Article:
The key here is that learning objectives are crystal clear and supported by strong common assessment rubrics. Thus, let’s review state and district policies to support learning experiences and question anything that is designed around coverage. (FYI: Some of the social and emotional learning programs are organized as curriculum to be covered. This may be fine as we help schools and educators to become familiar with social and emotional learning, but we need to eventually think about it as coaching students toward a shared understanding of the actual skills and traits we want students to have rather than teaching a curriculum.)
Let’s try one more: Acquiring new knowledge and skills requires effective feedback.
This research finding, what most would call just common sense, is not embedded in the traditional system. In fact, some might argue that there is more attention to judging students than there is to helping students learn. We need to rethink assessment policies to make sure that they are rooted in the cycle of learning. We need policies that enable teachers to continue working with students if it takes more time to repair gaps or master something.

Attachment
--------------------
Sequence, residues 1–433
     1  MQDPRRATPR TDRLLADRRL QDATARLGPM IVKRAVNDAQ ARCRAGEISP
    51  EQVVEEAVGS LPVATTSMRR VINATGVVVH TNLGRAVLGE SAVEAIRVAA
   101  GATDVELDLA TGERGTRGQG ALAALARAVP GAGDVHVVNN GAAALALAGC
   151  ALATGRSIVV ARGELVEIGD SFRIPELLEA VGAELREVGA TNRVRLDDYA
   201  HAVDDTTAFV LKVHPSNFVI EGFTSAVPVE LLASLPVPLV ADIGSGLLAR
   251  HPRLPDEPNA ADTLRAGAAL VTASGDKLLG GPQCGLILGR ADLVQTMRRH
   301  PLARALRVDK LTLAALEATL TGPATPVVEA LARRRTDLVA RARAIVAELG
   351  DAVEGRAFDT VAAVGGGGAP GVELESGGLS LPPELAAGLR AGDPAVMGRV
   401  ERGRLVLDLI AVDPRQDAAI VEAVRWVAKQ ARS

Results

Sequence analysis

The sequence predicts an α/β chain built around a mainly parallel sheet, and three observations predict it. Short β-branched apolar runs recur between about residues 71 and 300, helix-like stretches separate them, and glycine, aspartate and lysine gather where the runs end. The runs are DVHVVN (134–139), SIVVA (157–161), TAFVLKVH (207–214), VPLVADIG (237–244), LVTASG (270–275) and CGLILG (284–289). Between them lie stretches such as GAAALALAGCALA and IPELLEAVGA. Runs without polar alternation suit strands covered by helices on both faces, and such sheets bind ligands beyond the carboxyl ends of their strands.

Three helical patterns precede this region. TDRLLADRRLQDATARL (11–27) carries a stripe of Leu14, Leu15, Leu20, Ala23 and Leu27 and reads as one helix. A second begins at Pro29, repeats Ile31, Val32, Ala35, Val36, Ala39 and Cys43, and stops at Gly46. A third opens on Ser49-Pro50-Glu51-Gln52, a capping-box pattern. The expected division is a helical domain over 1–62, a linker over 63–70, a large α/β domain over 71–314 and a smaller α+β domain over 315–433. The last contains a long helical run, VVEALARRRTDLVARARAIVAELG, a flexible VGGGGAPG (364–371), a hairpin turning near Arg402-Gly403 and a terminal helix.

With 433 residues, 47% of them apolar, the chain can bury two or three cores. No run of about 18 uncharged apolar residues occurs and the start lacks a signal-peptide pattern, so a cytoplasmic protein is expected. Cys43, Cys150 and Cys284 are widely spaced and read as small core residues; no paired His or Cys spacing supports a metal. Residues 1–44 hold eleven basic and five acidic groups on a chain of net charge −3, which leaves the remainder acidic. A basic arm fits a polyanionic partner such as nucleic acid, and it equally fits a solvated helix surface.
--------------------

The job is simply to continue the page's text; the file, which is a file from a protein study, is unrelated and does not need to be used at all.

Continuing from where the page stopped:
Grading policies have to be upgraded to support students receiving feedback and continuing to learn until mastery. The 100 point scale and A-F without a feedback loop is an impediment. Some schools are trying to move in this direction by saying all students must get an A, B, or C or even just an A or B. That’s certainly worthy, but without allowing a student to proceed above grade level, it’s going to feel like everyone achieving at exactly the same level at the same time. And that’s not consistent with the second research finding.
Given that A-F grading without a revision loop is simply judging students on what they know rather than helping them to learn, any policy or practice that depends on or reinforces in our the GPA needs to be upgraded. We know that the GPA isn’t going to disappear, but there needs to always be an alternative. We should search the education code (and the scholarship database) in every state to identify where we can start aligning grading with helping students to get targeted feedback.